I’ve been managing volunteers and fundraising since I was 10. That’s when I decided to help children who had far less than me. I Trick or Treated for Unicef, rounding up my neighborhood pals, equipping them all with donation boxes and “elevator speeches” (or, the 10-year equivalent, at least), and fanning out into the neighborhood for contributions along with our candy.

I remember coming home, counting up all of the nickels and dimes, trading them in for dollars with my mom, and sending them off to help children in need in far-away lands. That impulse to give feels good from an early age.

Fast forward several decades, and that desire to give back translated into managing special events and other development efforts for several important causes – a Special Olympics Chapter, a food allergy organization, a nonprofit serving adults with mental illness.

Although I was fundraising, each position depended heavily on the involvement of volunteers. It became clear to me that sustaining an organization is not about the dollars; it’s about engaging loyal supporters who feel aligned with your organization and will give in whatever way is most meaningful to them.

Volunteering is the most powerful force out there for creating connections and forging long-term relationships.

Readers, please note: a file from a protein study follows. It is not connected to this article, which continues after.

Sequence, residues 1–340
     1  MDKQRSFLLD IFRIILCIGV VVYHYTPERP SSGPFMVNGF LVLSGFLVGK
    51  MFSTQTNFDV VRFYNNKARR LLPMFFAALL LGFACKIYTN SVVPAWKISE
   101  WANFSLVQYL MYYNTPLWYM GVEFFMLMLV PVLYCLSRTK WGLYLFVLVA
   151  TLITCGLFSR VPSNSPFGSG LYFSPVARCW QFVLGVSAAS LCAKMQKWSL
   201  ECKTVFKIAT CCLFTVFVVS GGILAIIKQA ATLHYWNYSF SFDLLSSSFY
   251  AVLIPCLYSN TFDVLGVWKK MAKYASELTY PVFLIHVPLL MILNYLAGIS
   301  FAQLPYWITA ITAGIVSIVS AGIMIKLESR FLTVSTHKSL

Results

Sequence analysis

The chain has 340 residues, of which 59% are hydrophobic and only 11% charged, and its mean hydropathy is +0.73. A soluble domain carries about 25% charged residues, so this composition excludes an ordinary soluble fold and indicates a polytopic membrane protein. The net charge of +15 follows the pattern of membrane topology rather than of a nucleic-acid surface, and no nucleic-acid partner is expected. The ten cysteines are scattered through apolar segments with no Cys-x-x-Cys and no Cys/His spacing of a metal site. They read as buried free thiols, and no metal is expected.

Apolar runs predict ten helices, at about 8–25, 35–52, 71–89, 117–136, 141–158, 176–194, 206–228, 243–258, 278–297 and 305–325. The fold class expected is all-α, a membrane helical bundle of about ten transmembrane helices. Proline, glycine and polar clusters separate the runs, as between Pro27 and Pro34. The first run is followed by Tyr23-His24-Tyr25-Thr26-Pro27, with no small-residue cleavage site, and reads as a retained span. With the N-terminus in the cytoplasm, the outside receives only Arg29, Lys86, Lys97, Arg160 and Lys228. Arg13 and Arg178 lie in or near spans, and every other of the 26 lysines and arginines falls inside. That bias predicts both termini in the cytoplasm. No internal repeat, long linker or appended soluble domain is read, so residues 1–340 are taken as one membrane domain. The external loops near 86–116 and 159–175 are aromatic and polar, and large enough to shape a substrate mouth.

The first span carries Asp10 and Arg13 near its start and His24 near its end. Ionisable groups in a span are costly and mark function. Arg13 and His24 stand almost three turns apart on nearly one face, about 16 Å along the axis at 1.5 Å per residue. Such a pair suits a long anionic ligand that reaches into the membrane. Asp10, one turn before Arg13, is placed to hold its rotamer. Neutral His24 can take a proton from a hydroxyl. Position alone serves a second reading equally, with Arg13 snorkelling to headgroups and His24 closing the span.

Along the way, I continued to volunteer myself, eventually becoming a Court Appointed Special Advocate (CASA Volunteer) for abused and neglected children. I had never had a volunteer role with such a direct ability to change a child’s path in life for the better – it was incredibly rewarding. The experience inspired me to take a  staff position with my program, eventually becoming Associate Director for Recruitment and Training.

My CASA experience revealed how much structure was necessary for the volunteers to succeed in their roles, much less enjoy them. Our program had solid practices for volunteer management ― practices are the foundation of the training and consulting that I do today.

The Board Chair of my CASA program used to say that I’m good at systems – and that’s true.  I’ve fine-tuned practices to find the right volunteers, screen them effectively, train them properly, and establish lasting relationships.  These are the factors that lead to high volunteer retention and generous giving.

But those systems only work because I’m thinking strategically.  A strong volunteer program is part of the big picture for capacity building. It’s a carefully considered investment which, if properly stewarded, will yield significant results.  Work with me and I’ll show you how to get there.